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European Markets Mostly Higher Ahead Of Crucial Events

European markets are mostly higher on Monday, buoyed by reports that the new Italian government is keen to focus on structural reforms and there is no likelihood of the country leaving the euro.

U.S. President Donald Trump's decision to back out from signing the communique from the G7 nations over the weekend has not triggered any selling in the market. Instead, traders are hoping the highly anticipated summit between Trump and North Korean leader Kim Jong Un will help reduce tension in the Korean Peninsula.

Markets in the European region are also looking ahead to crucial monetary policy meetings of the European Central Bank and the U.S. Federal Reserve.

In the U.K. market, economic reports released today have turned out to be disappointing. But the market has shrugged off the data and edged higher. The FTSE 100 index is up 50 points or 0.65 percent at 7,731.07, after advancing to a high of 7,755.25 earlier in the session.

British American Tobacco, Standard Chartered, Hikma Pharmaceuticals, WPP, Merlin Entertainment and Smiths Group are up with strong gains.

Among the notable losers, Ferguon is declining 4 percent and Old Mutual is down 3.2 percent.

On the economic front, data released by the Office for National Statistics showed industrial production in the UK to have decreased unexpectedly in April, falling 0.8 percent month-over-month, reversing a 0.1 percent rise in March. It was the first decline in four months.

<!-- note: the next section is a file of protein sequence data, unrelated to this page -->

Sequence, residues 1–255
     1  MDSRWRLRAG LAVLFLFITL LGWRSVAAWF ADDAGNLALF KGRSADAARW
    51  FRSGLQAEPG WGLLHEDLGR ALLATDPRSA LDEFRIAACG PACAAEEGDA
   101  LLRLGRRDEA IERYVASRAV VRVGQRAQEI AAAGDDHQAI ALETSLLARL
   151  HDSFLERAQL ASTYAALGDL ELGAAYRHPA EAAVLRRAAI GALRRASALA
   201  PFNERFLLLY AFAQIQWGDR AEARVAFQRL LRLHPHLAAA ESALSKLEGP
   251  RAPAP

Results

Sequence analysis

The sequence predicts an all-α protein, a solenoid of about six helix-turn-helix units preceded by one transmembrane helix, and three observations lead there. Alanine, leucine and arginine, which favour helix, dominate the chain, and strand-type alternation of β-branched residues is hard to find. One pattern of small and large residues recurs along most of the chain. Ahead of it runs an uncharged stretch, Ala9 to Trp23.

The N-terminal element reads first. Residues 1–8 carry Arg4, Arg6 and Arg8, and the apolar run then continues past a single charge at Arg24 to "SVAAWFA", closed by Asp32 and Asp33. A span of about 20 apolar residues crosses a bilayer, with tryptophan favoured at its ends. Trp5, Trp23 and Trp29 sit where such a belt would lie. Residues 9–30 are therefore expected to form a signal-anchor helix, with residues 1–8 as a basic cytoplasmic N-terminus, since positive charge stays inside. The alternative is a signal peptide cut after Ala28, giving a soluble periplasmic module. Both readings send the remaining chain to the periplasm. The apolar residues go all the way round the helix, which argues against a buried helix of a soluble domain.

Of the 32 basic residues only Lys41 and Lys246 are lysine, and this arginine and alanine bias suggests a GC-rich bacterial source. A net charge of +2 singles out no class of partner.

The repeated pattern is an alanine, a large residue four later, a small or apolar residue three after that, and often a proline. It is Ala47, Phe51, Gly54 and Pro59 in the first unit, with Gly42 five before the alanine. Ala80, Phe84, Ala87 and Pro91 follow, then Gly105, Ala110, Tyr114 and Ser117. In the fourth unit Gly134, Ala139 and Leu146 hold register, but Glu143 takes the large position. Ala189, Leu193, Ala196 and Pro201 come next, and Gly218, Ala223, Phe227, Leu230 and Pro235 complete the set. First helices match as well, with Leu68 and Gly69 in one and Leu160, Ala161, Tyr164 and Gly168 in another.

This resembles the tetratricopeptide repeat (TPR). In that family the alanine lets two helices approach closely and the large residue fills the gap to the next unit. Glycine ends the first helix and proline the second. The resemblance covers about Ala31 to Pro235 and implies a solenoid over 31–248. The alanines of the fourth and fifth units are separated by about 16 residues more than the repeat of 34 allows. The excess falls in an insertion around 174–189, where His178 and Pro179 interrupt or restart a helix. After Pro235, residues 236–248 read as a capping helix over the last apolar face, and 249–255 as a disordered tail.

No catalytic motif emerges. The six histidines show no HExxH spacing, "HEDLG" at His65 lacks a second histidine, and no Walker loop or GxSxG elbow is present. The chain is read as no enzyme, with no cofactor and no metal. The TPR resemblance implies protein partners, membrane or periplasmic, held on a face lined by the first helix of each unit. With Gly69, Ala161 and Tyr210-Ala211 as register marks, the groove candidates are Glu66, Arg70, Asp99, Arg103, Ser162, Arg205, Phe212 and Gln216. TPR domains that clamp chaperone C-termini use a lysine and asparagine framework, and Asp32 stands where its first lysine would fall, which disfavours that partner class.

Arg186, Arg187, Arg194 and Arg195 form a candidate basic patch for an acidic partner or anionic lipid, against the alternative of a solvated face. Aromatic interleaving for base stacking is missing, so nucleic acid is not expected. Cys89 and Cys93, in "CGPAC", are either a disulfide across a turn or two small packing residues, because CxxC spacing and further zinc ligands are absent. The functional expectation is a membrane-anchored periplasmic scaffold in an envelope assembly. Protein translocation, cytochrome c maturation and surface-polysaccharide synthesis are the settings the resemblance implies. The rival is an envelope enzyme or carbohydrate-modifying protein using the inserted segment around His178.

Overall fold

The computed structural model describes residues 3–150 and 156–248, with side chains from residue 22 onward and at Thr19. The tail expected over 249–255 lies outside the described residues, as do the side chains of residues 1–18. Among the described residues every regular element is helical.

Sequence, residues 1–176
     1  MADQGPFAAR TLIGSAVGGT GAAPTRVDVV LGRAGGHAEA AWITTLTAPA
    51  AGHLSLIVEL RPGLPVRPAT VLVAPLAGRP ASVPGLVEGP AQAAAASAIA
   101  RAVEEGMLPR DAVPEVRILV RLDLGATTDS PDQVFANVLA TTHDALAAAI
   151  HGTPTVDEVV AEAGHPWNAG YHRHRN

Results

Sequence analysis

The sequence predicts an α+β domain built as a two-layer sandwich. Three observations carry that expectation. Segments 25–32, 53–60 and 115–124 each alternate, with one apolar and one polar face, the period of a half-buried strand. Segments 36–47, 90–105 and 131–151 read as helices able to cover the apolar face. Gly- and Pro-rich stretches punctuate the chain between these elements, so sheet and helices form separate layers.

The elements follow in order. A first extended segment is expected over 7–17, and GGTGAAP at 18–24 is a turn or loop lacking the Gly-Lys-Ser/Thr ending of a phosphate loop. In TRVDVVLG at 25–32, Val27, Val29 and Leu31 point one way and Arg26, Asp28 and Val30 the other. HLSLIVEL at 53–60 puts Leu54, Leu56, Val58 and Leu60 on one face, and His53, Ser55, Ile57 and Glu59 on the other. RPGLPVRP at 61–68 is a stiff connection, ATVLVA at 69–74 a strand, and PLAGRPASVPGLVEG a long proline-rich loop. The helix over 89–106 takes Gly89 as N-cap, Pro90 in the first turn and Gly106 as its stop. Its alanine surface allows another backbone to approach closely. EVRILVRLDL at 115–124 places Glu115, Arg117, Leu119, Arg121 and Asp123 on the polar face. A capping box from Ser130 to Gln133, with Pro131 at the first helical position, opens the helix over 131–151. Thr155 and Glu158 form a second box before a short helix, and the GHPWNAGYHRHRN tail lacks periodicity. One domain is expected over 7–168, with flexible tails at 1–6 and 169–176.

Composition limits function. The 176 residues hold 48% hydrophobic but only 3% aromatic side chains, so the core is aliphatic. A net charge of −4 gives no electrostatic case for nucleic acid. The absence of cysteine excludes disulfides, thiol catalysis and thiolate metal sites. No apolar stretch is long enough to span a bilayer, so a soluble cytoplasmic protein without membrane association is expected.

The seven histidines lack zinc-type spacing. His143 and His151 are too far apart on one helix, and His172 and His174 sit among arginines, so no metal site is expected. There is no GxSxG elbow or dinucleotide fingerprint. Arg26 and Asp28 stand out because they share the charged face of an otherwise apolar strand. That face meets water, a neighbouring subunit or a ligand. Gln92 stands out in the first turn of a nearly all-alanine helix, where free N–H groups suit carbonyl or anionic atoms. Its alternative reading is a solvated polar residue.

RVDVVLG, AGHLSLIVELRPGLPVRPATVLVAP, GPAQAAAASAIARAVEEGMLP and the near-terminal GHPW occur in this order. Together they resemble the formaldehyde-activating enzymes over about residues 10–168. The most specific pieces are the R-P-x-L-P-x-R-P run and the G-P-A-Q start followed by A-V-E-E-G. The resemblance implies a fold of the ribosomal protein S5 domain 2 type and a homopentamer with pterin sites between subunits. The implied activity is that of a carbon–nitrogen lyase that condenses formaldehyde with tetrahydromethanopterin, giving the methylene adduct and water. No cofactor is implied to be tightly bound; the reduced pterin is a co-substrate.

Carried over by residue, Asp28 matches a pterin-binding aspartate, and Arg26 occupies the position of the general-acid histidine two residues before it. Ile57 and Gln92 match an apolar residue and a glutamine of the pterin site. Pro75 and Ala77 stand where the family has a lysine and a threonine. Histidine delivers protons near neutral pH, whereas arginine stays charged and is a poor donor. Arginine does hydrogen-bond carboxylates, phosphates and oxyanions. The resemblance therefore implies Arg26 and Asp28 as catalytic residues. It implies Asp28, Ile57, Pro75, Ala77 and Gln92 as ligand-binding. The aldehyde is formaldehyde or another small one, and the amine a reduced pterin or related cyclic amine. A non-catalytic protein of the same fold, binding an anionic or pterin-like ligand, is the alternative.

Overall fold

On a yearly basis, industrial production growth eased to 1.8 percent in April from 2.9 percent a month ago. The expected growth rate was 2.7 percent.

Another report from the same bureau showed that construction output in the UK expanded 0.5 percent month-on-month in April, reversing a 2.3 percent fall in the preceding month. That was below the 2.2 percent rise economists had forecast. On a yearly basis, construction output fell at a slower pace of 3.3 percent in April, after a 4.9 percent decline in March.

After a fairly steady start, the German market has pared its early gains with the mood turning a bit subdued and traders refraining from making big moves.

The DAX index rose to 12,862.54 this morning, gaining nearly 100 points in the process, but has now eased to 12,773.50, and is up just 7.05 points or 0.05 percent from its previous close.

Infineon, Commerzbank, BASF, Deutsche Telekom, ThysenKrupp and Covestro are up 1 to 2 percent.

Deutsche Post, Daimler, Deutsche Boerse, Continental and Bayer are losing 1 to 3 percent.

In the French market, the CAC 40 is up 6.78 points or 0.12 percent at 5,456.99.

Arcelor Mittal is rising 2.1 percent. STMicroelectronics and Publicis Group are gaining 1.7 percent and 1.4 percent, respectively. Renault, Peugeot, Michelin, Vinci, Valeo SA, Technip and Legrand are weak.

In economic news, a survey from Bank of France revealed the country's economy is forecast to grow at a slightly faster pace in the second quarter. The central bank kept is growth forecast for the second quarter unchanged at 0.3 percent. In the first quarter of this fiscal, the economy saw 0.2 percent growth.

The manufacturing confidence dropped to 100.0 in May from 102.0 in April. The business sentiment indicator in services declined to 101 May, from a score of 102 a month earlier.

Among other markets in Europe, Italy is up sharply, with its benchmark index gaining more than 2 percent.

Belgium, Austria, Denmark, Czech Republic, Ireland, Portugal, Spain, Sweden and Switzerland are trading higher with gains ranging from 0.2 to 0.8 percent.

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